Chronic Fatigue Syndrome/ME
Support for Family and Friends
Imagine having to climb six flights of stairs while seven months pregnant—with the flu and a temperature of 102 °F. Imagine going hungry because it’s too tiring to fix scrambled eggs or slice up an orange. Sufferers of chronic fatigue syndrome experience a fatigue so all-encompassing that even knocking the car’s brake lights out against a tree might not register until someone asks about the broken glass in the driveway.
Also known as myalgic encephalomyelitis (ME), chronic fatigue syndrome is a debilitating condition that as yet can only be treated symptomatically. Theories about causes abound, but the mystery surrounding it often leaves sufferers and those close to them frustrated, depressed, and angry. Symptoms include nausea, “shallow sleep” that is not restful, muscular soreness “on a constant or daily basis,” and pain that can feel as though it is lodged in the bones themselves. Palpitations, dizziness, anxiety, sensitivity to light and noise, painful lymph nodes, and a sore throat are also common symptoms that make diagnosis difficult. “Brain fog” makes it hard to concentrate and causes short-term memory loss that complicates problem-solving and even ordinary conversation.
First-time author Elizabeth Turp is no more able to suggest a cure for chronic fatigue/ME than anyone else, but her personal struggle with it infuses her sensitive guidebook with pragmatic suggestions for tackling the pervasive emotional and physical problems that the syndrome causes. The book’s five chapters delineate the disease and its effects in short sections that alternate with “How you can help” passages intended for the caregiver, co-worker, or friend.
Turp repeatedly emphasizes the embarrassment of suddenly becoming tired enough to need to sit on the floor or ground in a public place, and such candor about personal experiences helps caregivers understand how vital their willingness to deflect public stares and inquiries can be. “Pacing” activities by building in rest periods, matching one’s walking pace to that of the sick person, and avoiding loud or brightly lit venues are all examples of how caregivers can act as intermediaries for patients.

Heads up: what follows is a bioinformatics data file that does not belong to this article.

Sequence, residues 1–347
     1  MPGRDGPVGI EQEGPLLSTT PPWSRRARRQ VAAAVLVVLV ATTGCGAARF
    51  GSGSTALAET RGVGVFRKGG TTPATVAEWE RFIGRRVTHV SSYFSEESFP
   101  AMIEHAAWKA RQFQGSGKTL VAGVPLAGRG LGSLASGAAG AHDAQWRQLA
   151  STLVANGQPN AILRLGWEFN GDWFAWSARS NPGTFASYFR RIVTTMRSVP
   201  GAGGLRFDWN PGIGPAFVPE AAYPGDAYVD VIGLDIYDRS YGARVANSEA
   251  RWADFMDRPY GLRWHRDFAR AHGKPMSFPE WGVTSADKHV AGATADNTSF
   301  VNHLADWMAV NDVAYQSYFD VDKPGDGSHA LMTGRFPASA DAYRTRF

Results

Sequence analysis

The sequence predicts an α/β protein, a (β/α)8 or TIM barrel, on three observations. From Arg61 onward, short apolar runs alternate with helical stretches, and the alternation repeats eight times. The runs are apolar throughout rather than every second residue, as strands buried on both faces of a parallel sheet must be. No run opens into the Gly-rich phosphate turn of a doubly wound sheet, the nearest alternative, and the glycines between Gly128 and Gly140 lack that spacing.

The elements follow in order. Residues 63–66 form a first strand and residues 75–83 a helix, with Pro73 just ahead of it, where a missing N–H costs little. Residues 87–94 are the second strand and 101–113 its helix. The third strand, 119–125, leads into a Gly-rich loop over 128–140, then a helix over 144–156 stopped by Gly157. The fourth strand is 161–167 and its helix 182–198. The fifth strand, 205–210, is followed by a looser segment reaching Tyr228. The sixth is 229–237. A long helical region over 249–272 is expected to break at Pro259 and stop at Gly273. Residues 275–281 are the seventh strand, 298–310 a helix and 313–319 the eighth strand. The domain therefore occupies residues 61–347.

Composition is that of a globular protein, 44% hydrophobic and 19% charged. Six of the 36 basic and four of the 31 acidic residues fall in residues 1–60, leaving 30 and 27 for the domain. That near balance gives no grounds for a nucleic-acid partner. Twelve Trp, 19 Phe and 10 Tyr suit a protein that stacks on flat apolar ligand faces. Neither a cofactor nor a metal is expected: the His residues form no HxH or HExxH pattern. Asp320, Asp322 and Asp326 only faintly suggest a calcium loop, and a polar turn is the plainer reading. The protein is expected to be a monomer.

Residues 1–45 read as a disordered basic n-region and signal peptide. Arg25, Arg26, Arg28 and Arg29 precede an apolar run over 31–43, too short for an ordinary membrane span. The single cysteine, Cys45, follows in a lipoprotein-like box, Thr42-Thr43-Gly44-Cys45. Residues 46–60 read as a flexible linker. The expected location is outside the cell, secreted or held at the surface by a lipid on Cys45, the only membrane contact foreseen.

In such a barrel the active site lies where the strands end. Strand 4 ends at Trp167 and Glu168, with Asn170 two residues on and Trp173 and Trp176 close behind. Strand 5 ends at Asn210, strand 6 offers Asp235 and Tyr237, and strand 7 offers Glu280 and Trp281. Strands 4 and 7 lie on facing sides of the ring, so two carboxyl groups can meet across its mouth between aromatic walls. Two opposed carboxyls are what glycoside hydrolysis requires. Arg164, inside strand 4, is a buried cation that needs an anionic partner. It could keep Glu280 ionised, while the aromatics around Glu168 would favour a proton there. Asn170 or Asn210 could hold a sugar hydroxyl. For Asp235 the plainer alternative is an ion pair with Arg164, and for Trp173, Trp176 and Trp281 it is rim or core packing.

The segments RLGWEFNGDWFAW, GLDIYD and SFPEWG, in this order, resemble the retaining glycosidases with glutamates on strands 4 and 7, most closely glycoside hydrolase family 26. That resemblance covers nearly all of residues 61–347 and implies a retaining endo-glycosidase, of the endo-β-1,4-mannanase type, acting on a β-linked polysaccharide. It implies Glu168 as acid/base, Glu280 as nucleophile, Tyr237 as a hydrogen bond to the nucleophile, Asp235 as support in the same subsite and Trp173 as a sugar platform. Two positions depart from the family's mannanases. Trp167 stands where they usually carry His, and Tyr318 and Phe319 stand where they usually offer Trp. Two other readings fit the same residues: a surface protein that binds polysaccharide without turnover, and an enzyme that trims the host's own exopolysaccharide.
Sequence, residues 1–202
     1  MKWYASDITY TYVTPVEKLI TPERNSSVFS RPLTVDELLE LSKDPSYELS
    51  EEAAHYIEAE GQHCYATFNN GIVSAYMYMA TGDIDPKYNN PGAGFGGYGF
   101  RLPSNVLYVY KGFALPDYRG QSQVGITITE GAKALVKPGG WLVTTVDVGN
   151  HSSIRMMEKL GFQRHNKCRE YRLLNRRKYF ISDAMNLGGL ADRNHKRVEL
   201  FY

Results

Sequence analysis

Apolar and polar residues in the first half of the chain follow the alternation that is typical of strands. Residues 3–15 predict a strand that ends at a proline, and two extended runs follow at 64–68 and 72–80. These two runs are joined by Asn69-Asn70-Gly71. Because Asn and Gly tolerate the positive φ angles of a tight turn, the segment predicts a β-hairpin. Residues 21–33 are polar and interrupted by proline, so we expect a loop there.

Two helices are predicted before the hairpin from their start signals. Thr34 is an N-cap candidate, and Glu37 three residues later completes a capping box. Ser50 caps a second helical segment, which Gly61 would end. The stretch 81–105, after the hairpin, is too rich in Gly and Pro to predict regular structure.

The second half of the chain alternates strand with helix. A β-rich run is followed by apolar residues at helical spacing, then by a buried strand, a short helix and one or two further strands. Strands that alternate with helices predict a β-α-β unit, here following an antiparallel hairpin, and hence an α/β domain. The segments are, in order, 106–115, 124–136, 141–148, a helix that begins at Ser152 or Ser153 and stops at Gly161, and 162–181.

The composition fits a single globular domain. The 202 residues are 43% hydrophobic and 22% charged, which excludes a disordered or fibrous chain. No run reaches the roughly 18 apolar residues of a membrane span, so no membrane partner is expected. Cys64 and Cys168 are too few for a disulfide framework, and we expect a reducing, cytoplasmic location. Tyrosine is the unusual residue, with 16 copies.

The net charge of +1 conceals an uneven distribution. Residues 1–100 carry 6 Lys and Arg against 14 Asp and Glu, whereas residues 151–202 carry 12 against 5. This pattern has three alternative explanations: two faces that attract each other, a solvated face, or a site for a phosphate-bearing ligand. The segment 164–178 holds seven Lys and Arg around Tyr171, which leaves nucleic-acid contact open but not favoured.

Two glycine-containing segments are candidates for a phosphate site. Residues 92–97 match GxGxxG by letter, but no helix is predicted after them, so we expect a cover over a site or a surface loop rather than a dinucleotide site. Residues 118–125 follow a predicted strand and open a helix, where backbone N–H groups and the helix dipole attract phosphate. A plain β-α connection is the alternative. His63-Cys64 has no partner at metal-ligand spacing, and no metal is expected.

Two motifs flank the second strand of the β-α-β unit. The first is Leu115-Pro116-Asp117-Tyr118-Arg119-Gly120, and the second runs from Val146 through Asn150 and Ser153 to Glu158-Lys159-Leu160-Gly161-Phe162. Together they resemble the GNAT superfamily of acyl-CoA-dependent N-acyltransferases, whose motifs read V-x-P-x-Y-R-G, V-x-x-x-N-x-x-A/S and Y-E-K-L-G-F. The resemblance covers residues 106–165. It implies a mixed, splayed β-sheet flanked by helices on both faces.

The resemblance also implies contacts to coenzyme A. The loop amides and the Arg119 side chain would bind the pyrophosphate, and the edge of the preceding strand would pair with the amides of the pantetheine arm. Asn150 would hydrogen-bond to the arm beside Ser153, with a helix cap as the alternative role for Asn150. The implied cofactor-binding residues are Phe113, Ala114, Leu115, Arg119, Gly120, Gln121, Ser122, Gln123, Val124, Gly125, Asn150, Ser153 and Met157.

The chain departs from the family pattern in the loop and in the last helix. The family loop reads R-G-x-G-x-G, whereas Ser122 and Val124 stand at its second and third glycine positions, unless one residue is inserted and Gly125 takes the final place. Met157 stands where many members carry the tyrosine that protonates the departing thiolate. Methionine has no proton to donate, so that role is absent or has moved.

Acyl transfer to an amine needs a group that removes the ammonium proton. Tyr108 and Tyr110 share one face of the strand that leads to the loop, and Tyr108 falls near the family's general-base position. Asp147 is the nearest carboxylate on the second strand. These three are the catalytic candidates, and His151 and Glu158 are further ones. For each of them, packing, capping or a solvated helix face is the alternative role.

In addition to using this book, friends and family members may need to find support sources for themselves so they can better respond effectively to their loved one’s medical condition. Since chronic fatigue/ME can worsen unpredictably, both patients and caregivers struggle to manage its emotional ramifications and the strain it can put on relationships. Many patients fear being burdensome, or they may have trouble articulating their needs clearly, and many caregivers feel helpless when their loved one’s illness seems endless.
This book’s strength is its analysis of the difficulties people with chronic fatigue/ME experience when trying to work, maintain relationships, parent, or fulfill any of the multitudinous roles that comprise life. Its final chapter, “The Top Ten Tips on How You Can Help,” epitomizes Turp’s project. A “Resources” section provides an international listing of books, resources, agencies, and charities devoted to chronic fatigue/ME, all a very clear indication that those afflicted with this illness are not alone.